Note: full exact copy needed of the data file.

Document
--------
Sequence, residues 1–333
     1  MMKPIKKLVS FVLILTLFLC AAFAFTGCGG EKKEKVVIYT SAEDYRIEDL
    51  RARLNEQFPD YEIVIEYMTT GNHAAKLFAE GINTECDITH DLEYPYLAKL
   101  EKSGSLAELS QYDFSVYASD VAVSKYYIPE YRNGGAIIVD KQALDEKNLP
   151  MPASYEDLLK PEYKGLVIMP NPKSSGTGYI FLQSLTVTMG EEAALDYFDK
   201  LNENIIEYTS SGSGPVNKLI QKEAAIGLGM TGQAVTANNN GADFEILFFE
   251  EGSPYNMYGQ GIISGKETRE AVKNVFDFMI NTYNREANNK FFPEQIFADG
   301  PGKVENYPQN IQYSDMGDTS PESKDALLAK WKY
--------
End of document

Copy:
Sequence, residues 1–333
     1  MMKPIKKLVS FVLILTLFLC AAFAFTGCGG EKKEKVVIYT SAEDYRIEDL
    51  RARLNEQFPD YEIVIEYMTT GNHAAKLFAE GINTECDITH DLEYPYLAKL
   101  EKSGSLAELS QYDFSVYASD VAVSKYYIPE YRNGGAIIVD KQALDEKNLP
   151  MPASYEDLLK PEYKGLVIMP NPKSSGTGYI FLQSLTVTMG EEAALDYFDK
   201  LNENIIEYTS SGSGPVNKLI QKEAAIGLGM TGQAVTANNN GADFEILFFE
   251  EGSPYNMYGQ GIISGKETRE AVKNVFDFMI NTYNREANNK FFPEQIFADG
   301  PGKVENYPQN IQYSDMGDTS PESKDALLAK WKY